Satyagraha Movement: Essay & Important Notes

The idea of satyagraha was introduced in India by Mahatma Gandhi as a determined and non-violent resistance to evil. This concept of satyagraha became a tool for India to fight against British imperialism. The practitioners of the idea of satyagraha are called satyagrahis.Satyagraha-Mahatma Gandhi

The Duties of Satyagrahis

In practicing satyagraha, the satyagrahis have to fulfill the following duties:

  • Observe non-violence in mind.
  • Observe the root cause of a situation.
  • Seek truth.
  • Undergo a process of self-scrutiny.
  • Adhere to non-violence.

Gandhiji’s Idea of Satyagraha

When Mahatma Gandhi started the Satyagraha Movement in India in 1915, he had little idea of how popular the movement will become and eventually help India gain independence. Gandhiji’s idea of satyagraha included the following:

  • Satyagraha was a mass agitation that did not use any violence and was based on facts.
  • Gandhiji believed that if the cause of the issue was true and the fight was against injustice, the fight would definitely be won.
  • Satyagraha involved winning the battle by appealing to the oppressors and avoid non-violent means.

Satyagraha emphasized the power of truth and the need to fight for the truth.

Movements where Satyagraha was used

Satyagraha became one of the most important and detrimental tools in India’s fight against the British and the national movements based on this idea shook the Britishers. The most prominent movements where satyagraha was used as the main weapon were:

  • 1917 Champaran Satyagraha

Champaran SatyagrahaThe first satyagraha movement was in the Champaran district of Bihar where the movement was launched to support the cause of workers in indigo plantations. The planters were exploiting the workers and were forcing them to mandatorily cultivate indigo on a specific part of their landholdings. Gandhiji, after being appointed as one of the members of the Commission that looked into the matter launched a satyagraha movement to help the workers get their dues. As a result of the movement, the planters paid 25% of the amount they had illegally taken from the workers.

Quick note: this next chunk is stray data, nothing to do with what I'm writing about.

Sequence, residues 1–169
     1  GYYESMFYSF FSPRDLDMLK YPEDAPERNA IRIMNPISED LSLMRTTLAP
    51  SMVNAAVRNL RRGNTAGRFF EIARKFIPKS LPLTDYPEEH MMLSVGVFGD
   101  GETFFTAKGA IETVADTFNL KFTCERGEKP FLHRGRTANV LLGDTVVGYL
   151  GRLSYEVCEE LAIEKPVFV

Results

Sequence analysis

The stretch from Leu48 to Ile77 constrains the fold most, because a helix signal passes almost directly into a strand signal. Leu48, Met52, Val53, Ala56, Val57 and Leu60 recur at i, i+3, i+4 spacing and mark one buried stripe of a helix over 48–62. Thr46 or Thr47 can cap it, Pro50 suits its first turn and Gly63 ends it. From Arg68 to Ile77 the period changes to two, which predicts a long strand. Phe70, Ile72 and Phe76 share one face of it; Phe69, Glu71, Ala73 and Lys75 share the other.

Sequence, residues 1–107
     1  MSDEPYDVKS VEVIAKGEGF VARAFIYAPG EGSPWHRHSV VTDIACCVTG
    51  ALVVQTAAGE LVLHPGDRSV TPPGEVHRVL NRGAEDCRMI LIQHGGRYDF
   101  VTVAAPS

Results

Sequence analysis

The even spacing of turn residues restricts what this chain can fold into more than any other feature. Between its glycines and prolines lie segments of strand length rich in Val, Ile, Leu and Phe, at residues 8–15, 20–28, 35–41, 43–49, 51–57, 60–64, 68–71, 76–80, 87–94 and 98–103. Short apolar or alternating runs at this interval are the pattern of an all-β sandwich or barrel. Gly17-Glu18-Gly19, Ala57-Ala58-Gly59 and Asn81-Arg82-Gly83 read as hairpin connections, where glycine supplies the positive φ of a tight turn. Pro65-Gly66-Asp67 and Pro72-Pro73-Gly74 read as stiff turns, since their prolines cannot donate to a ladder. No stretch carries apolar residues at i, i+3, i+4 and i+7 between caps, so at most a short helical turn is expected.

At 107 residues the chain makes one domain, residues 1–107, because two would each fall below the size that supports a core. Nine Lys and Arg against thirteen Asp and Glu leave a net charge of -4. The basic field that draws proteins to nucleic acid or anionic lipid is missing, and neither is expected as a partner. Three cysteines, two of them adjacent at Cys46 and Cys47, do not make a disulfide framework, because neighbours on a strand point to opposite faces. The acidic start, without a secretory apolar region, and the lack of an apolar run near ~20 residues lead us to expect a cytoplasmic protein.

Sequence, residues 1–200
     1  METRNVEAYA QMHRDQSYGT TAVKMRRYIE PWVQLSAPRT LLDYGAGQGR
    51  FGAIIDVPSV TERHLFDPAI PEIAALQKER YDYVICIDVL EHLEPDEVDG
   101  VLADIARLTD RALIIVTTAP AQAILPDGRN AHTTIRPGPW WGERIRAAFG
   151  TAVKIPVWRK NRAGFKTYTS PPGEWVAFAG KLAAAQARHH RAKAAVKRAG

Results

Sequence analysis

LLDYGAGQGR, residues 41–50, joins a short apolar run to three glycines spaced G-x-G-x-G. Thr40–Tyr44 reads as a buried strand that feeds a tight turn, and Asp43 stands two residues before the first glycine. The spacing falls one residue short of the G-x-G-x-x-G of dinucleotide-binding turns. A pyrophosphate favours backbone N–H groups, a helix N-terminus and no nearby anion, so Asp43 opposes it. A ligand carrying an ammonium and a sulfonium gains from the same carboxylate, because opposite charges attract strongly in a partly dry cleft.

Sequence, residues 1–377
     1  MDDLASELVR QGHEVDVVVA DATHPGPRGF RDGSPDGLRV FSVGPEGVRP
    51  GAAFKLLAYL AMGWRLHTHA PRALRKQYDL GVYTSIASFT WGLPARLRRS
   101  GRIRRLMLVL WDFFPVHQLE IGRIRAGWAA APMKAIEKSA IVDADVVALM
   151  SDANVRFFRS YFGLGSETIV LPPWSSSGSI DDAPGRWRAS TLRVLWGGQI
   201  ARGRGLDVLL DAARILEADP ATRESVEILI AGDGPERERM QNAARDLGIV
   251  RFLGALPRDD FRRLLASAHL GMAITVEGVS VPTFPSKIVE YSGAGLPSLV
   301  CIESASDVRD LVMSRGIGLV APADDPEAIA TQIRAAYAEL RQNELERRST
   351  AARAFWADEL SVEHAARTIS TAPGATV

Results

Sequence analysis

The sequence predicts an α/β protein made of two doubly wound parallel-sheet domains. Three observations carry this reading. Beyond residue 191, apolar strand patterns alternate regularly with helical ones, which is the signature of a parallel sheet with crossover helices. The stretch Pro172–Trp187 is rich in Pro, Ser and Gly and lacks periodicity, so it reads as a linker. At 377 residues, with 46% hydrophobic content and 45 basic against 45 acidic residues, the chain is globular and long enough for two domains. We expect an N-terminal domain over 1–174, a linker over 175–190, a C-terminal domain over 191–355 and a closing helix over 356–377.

• 1918 Ahmedabad Satyagraha

Ahmedabad SatyagrahaMill owners in Ahmedabad attracted workers with a 75% increase in pay during the plague. Once plague subsided, the mill owners wanted to bring down the pat to 20% which the workers of the mills objected to. Gandhiji tried to talk with the owners, but failed and asked the workers to go on a strike. However, when he saw the strike subsiding, he, himself went on a fast which put pressure on the mill owners as well as the authorities. As a result, the mill owners agreed to pay a 35% increment in the pay.

  • 1918 Kheda Satyagraha

Kheda Satyagraha

During this movement, Gandhiji teamed up with Sardar Vallabhbai Patel to fight for the peasants who were in distress because of low crop production. According to the revenue code, the peasants were entitled to a full concession, but the government did not want to let go of the revenue. Gandhiji asked the peasants to fight against injustice and also asked the rich farmers to not pay revenue. When the British government asked the rich farmers to pay revenue, they did not agree and the government had to let go of the revenue to help the peasants.

  • 1919 Rowlatt Satyagraha

Rowlatt Movement

The Rowlatt Satyagraha was launched to protest an act that the British government had introduced. This law allowed the government to arrest any protesting Indian without a warrant and detain the person for two years. Gandhiji called for a nationwide strike by fasting and praying. However, there were many violent outbreaks and the movement was called off.

  • 1930 Salt Satyagraha

Salt SatyagrahaThis movement was launched to protest against the British Law that forced Indians to purchase low-quality salt at high prices from the British. Gandhiji launched a 241-mile-long protest march to the west coast of Gujarat. Here, in the Arabian Sea, he along with the protestors harvested salt.

Conclusion

The idea of Gandhiji’s Satyagraha in many ways helped India win its independence. Satyagraha was adopted as a tool by many to fight for their cause. The Norwegians, for example, adopted an effective non-violent resistance against the Germans during the Second World War. Even today, the idea of Satyagraha can be seen adopted by many people in different parts of the world to fight against injustice.

Add Comment